It is true that you do not need math.  The fallacy lies in the conclusion that it is useless.  By way of analogy, I remember receiving my first cell phone while I was in college.  My parents gave it to me.  I said “Okay, but I don’t think I’ll have much use for it”, because, of course, I was used to not using a cell phone.  But, of course, once I had it, I found all kinds of ways to use it, even though I had gotten along without it just fine before.  Furthermore, once you get used to having a cell phone, it does come to seem like a real need, especially if everybody else has one.

There are people who grow into adulthood without learning how to read.  They survive, perhaps even thrive.  But if they learn how to read (which it is never too late to do, BTW), they find all sorts of uses for this skill.  Likewise, while you obviously won’t have a use for math you don’t know, whatever math you do know you will invariably find fascinating, life-enriching uses for.

I don’t like math.

“Only dweebs like math. You’re not a dweeb, are you?” So says the voice of external reinforcement for this limiting belief.  Internally, it’s not that you can’t learn math.  You just don’t want to, and no one can make you.  So therefore you aren’t dumb or incapable, you are exercising your right to do what you want as a free human being, which, naturally, no one can blame you for.  So there.

So you say you don’t like math.  Sounds pretty inviolable.  Surely you know what you like and what you don’t, right?  Yet I ask, “Are you sure? How do you know?” Show me a person who doesn’t like math and I’ll show you a textbook case of operant conditioning. Were you forced to learn math when you didn’t want to? Were you punished for not learning it when you were expected to? Were you shamed or embarrassed when you tried to learn? These are the things you actually don’t like. If you get a headache whenever you see equations written on a page, this is a conditioned response to psychological trauma.  It might feel real and automatic to you (in fact it probably does), yet like all variable emotional responses, it had to be trained, and it can be untrained just as well; not by getting positive feedback when you succeed and negative feedback when you fail, but by getting consistent positive feedback every time you try, and letting your natural sense of curiosity, consistency, and completion lead you to the “right” answers.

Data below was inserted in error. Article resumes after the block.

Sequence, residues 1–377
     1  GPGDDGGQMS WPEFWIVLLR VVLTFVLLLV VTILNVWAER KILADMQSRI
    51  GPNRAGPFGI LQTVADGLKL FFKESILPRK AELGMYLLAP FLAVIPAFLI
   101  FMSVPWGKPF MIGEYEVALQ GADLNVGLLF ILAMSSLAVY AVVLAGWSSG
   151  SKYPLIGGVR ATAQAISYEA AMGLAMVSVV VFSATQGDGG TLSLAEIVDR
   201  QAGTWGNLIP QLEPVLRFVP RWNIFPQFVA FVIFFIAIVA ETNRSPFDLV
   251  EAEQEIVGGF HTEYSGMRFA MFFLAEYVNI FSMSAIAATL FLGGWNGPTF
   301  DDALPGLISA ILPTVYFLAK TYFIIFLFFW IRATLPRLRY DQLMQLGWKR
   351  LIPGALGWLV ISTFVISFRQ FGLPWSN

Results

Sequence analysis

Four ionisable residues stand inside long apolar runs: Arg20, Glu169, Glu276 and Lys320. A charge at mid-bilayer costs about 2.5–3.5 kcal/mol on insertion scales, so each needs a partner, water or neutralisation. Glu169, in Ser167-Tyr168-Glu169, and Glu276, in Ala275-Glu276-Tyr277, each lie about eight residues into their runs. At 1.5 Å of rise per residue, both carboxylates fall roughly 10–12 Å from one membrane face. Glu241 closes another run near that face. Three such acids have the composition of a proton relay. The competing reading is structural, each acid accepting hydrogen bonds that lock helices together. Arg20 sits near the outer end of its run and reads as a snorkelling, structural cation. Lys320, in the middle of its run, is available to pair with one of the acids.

But that’s enough about the problems.  Next, we will look at some solutions…

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Author:

Dane Dormio is an online tutor and academic coach who specializes in helping all types of students achieve life and academic success, especially homeschooled students and those preparing for STEM careers. More information and resources can be found on his website at www.synergy-tutoring.com.